- and why is the problem so common?
Lack of vitamin B12 can cause pernicious anemia, which WHO considers a global threat. Vitamin B12 is primarily known for its role in red blood cell formation, whereas its role in the brain and nervous system is often overlooked. A vitamin B12 deficiency can easily lead to disabling damage if it goes unnoticed. Pernicious anemia is an autoimmune disease that prevents people from absorbing vitamin B12 from food. The condition is potentially life-threatening but is difficult to diagnose and many people go untreated, according to Associate Professor Heidi Seage, who is affiliated with the Pernicious Anaemia Society. A worsening factor is the climate debate that has inspired an increasing number of people to turn to vegetarianism and veganism. Plant-based diets are known to cause vitamin B12 deficiency, and the problem is insidious and therefore not easy to detect. The use of diabetes medication (such as metformin) can also deplete the body’s levels of vitamin B12
People with celiac disease are hyper-sensitive towards gluten, which we get from wheat and other grains. Gluten triggers inflammatory processes in the mucosa of the small intestine, impairing the uptake of nutrients. At the time of being diagnosed with the condition, people are often severely deficient in vitamin B12, vitamin D, folic acid, zinc, and copper. That problem should be addressed, according to a large study from the Mayo Clinic, a large, non-profit medical center based in Minnesota, USA. A growing number of people are affected by celiac disease that is linked to digestive problems plus other symptoms that are often misdiagnosed because the patient lacks vital nutrients. In this article, you can read about the difference between celiac disease and other types of gluten intolerance and find out how to deal with the problem.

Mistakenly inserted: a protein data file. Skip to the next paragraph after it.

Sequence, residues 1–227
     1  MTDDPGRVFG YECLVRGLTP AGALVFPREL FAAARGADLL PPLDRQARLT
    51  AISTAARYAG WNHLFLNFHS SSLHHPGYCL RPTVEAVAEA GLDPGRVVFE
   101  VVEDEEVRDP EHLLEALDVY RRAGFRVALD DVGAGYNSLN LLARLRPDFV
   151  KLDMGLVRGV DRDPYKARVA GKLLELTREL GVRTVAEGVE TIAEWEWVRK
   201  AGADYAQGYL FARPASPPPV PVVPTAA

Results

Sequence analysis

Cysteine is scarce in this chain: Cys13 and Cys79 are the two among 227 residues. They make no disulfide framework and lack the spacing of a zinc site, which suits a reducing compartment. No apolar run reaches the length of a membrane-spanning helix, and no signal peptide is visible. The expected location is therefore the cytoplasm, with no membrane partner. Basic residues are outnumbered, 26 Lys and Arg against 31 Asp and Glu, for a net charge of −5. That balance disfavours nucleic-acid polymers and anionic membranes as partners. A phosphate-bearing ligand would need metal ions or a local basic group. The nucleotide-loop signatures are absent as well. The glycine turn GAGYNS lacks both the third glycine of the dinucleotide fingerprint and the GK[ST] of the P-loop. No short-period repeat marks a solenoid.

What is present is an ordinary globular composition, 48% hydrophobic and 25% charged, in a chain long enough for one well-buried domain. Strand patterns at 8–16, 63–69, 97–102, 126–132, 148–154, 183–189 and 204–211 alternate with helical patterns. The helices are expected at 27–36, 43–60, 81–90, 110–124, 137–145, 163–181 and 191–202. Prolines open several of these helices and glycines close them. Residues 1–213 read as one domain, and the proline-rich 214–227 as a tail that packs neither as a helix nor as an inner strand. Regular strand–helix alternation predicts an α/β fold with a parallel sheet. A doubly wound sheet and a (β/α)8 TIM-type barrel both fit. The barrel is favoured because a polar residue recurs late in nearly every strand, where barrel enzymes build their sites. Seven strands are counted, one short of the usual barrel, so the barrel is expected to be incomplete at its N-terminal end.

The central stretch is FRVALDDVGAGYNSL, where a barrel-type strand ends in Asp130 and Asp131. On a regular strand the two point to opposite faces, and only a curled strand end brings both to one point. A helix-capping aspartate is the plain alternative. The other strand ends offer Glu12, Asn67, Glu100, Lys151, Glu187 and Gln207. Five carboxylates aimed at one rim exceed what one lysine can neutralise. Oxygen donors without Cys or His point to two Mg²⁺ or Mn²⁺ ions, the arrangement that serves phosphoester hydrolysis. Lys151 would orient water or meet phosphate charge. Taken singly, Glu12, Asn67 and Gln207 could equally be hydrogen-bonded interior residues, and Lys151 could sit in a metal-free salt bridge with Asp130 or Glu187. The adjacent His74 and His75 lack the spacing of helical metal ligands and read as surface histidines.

Hashimoto’s disease (Hashimoto’s thyroiditis) is an overlooked scourge that leads to hypothyroidism and is particularly widespread among women. Postpartum thyroiditis that also slows down your metabolism follows in the wake of pregnancy. Graves’ disease where the metabolism speeds up (hyperthyroidism) is less common. These three thyroid disorders belong to the group of autoimmune disorders where the immune defense attacks the body’s tissues, and it appears that lack of vitamin D increases the risk, as it controls the immune defense in a number of ways. According to a new review article that is published in Nutrients, taking larger quantities of vitamin D may have a positive impact on these thyroid disorders.
Sclerosis, rheumatoid arthritis, certain gastrointestinal infections, and a host of other diseases are so-called autoimmune diseases that occur as a result of the immune defense overreacting and attacking the body’s own tissues. Scientists from the University of Edinburgh in Scotland have now mapped out exactly how vitamin D regulates the immune system. In fact, vitamin D may have a positive effect on autoimmune diseases such as sclerosis. But at our latitude, this provides that we get enough vitamin D from the sun in the summertime and take vitamin D supplements in the winter period. Besides, it is a problem that being overweight both increases the risk of vitamin D deficiency and sclerosis, while lack of magnesium makes it difficult for the body to activate vitamin D.